RMS Beauty skin2skin Foundation brush and Swift shadow review

A beauty tool that I didn’t know I needed until I tried it? That would be my thoughts on this foundation brush from RMS. I have been a fan of RMS make up for some time, the line founded by US make up artist Rose Marie Swift, is one of the pioneering natural make up brands, and thanks to it’s pretty colours and creamy formulas the brand has developed something of a cult following. The brand has launched several new products lately, including their new pressed eye shadows and make up brushes.

I am a big believer in using good quality beauty tools that are built to last and I take very good care of my make up brushes, meaning that I have brushes that have lasted me years and years and are still in perfect condition. When I saw the RMS skin2skin foundation brush I knew that there was nothing in my make up collection quite like it and so I have been putting it through it’s paces to see if it lives up to the hype it received.

RMS skin2skin foundation brush* – (£36) Isn’t a cheap brush, in fact it costs as much as several of my other make up brushes, but if you use a lot of cream make up products or stick foundations, this may well be a worthy investment. This is a duo fibre brush with a short but nicely weighted metallic handle, where it really is different from other brushes is the cut of the bristles. The bristles are in varying lengths in a swirl pattern, although at first glance it looks a bit gimmicky, the different lengths and thickness of the bristles work perfectly to buff stick foundations and cream products in to the skin.

RMS skin2skin brush with it’s synthetic bristles cut to apply cream products perfectly

This brush was designed to work perfectly with the RMS un-coverup, which is a thick creamy concealer that can also be worn all over the face as a foundation, but I have also tested it with a variety of other brands such as W3ll people stick foundation and Hynt Beauty concealer. The smaller size of the brush makes application around the nose and under the eyes particularly easy and it gives a really flawless finish. The smaller size of the head also mean you can dip the brush directly in to the RMS pots rather than apply with fingers to the face and then go in with the brush. It made easy work of even thicker stick foundations that I would usually have to use the warmth of my fingers to blend. Although designed for use with creams I have also used this brush to buff in mineral make up really quite successfully, but when it came to liquids I felt it sucked up too much of the product, perhaps because of how densely packed the bristles are.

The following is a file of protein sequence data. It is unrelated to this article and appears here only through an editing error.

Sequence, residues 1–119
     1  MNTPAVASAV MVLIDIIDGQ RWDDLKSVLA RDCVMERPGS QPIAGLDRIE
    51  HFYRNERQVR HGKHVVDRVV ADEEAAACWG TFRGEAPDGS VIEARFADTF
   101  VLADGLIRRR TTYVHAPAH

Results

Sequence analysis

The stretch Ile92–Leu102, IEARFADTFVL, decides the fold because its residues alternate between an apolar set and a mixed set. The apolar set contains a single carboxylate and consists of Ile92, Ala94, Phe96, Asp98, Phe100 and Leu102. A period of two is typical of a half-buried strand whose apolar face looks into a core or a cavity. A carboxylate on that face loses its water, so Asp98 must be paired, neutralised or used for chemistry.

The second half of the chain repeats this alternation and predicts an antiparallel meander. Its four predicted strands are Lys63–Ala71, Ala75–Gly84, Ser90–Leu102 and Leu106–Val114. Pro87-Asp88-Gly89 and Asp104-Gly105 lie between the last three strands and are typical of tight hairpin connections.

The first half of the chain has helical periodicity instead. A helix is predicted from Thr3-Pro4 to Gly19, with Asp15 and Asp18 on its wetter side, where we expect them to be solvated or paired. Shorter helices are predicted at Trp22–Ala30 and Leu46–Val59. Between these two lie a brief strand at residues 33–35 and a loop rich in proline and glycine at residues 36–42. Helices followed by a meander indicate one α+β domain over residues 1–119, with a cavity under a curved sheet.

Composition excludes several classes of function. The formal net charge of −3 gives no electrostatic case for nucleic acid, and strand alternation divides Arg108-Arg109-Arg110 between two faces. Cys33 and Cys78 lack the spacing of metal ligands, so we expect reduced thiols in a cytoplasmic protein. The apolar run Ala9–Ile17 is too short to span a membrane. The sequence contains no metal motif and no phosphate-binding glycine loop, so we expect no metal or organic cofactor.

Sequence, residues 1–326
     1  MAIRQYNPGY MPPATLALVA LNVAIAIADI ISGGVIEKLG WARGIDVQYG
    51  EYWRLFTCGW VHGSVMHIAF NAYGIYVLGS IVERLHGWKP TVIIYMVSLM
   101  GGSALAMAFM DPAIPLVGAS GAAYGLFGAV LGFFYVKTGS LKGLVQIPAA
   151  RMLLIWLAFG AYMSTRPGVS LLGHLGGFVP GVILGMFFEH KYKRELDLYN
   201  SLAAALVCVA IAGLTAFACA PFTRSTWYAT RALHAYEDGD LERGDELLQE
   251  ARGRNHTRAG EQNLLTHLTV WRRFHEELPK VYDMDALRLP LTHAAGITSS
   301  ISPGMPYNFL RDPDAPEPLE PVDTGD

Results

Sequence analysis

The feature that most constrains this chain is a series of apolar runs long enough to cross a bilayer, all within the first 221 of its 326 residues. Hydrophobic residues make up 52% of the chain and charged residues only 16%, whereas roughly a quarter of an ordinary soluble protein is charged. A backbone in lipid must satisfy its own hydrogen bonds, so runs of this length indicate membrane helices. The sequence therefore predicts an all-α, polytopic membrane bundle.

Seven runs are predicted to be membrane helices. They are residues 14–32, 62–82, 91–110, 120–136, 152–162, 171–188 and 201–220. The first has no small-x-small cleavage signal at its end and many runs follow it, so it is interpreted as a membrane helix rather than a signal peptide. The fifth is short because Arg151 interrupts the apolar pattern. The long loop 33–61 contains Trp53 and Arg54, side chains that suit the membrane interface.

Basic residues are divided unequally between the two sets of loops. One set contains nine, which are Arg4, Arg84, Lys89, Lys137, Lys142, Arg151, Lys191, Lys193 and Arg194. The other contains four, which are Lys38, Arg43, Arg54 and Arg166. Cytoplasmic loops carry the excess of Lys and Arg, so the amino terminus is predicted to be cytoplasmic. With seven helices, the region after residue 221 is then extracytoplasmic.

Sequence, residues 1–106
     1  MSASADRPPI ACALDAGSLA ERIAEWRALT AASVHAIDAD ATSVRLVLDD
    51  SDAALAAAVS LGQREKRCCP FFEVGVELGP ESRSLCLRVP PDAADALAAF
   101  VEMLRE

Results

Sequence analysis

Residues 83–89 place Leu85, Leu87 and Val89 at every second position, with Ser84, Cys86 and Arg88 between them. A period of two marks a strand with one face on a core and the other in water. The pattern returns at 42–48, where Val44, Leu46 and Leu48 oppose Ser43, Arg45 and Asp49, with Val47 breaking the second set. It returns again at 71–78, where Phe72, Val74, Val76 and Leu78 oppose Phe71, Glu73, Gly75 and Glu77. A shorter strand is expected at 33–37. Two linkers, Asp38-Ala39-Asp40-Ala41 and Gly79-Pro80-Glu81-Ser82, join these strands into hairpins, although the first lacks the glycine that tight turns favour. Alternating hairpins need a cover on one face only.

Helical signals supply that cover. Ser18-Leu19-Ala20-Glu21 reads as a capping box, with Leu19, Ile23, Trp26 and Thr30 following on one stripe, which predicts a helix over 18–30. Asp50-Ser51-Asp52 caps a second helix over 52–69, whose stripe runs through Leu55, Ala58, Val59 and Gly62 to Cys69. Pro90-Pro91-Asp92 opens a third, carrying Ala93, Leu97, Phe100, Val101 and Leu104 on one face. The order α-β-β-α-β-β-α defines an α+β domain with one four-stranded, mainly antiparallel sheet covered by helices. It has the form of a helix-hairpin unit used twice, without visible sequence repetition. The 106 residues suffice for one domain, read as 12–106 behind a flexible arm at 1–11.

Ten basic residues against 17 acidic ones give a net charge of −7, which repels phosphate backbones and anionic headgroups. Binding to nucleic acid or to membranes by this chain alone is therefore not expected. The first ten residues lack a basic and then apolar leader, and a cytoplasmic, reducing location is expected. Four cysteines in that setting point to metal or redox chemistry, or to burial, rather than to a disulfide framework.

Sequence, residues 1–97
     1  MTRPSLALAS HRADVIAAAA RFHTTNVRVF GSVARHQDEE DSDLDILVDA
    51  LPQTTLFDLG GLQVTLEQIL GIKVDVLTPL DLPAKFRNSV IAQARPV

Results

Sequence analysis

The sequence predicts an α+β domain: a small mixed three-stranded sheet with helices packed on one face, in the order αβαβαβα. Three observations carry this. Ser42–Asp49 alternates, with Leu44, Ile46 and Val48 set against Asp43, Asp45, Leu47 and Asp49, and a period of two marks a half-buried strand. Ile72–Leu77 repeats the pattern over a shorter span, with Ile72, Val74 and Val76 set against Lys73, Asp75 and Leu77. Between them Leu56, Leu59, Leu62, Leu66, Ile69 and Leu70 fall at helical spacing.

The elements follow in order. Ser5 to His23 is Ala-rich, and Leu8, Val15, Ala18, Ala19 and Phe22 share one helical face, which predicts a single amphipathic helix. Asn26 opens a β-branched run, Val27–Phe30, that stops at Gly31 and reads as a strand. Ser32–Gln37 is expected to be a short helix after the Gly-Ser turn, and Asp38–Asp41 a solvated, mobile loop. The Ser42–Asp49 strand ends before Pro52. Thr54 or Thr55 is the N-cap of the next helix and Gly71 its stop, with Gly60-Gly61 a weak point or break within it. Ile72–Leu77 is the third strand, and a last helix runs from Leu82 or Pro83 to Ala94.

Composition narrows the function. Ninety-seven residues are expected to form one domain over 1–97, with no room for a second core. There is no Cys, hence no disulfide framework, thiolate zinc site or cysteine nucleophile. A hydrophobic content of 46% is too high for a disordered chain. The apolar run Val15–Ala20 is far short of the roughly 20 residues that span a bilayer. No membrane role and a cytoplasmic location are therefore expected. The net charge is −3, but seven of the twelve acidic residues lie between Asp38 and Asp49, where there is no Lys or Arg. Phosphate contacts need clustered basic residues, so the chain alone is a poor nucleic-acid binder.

RMS use synthetic bristles for their brushes making this vegan friendly, I personally find synthetic brushes easier to clean than animal hair. The bristles on the skin2skin brush are particular soft but also densely packed, which means that it can buff in the thicker creams without feeling at all scratchy or irritating the face. RMS also released a blush brush designed specifically to be used with their lip2cheek pots, from what I can see online the bristles on the blush brush are a slightly different cut and aren’t as densely packed enabling you to use a lighter hand to apply the colour to your cheeks.

RMS Swift shadow* – (£19 for 2.5 grams) Has to be one of the priciest single eye shadows I have ever owned. Let’s be honest you can in fact get entire palettes for this price, so I was interested to see what the quality was like and if in fact I could justify adding more colours to my collection. There are eighteen shades in total which are divided in to six colour families. Enchanted Moonlight – Purples and Burgundies; Garden Rose – Pinks; Sunset Beach – Yellows and golds; Tempting Touch – Beige and tan; Tobacco Road – Green and browns; Twilight Madness – Grey and black.

RMS Beauty Swift shadow swatch – Shade Tobacco Road TR-92

I played it safe and went with a shade from the Tobacco road; green and brown family as these tend to be my most worn shades. My shade is TR-92 and is the lightest in the Tobacco Road colour family. When I chose it online I had no idea how much nicer it would be in person, my swatching skills aren’t the best, but you can just about make out the pretty gold sheen that runs through the shade and looks really flattering on the eyes. Pigmentation wise they don’t disappoint, they are creamy and blendable. They are free form mineral oil and talc, instead they have buriti fruit oil and jojoba. Seems a bit extravagant to be putting buriti fruit in eye shadow when cheaper carrier oils generally seem to work, but I suppose it does go some way to explaining the price.

Where I am a bit disappointed with RMS is the packaging of the swift shadows, as more people become aware of their waste and are looking for refillable and reusable options these shadows have been packaged in plastic casing. I can’t help but think that RMS missed an opportunity to do something innovative and eco friendly with the packaging but instead played it safe. I would love to see them offer these as a pan only option to be put in to empty palettes, or offer a customisable palette option themselves to offset some of the packaging waste because the shadow quality itself is beautiful.

Are you an RMS fan what are your favourites?

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Ana Green

Written by Ana – A beauty industry professional who is passionate about product and helping people navigate the marketing hype in the beauty industry.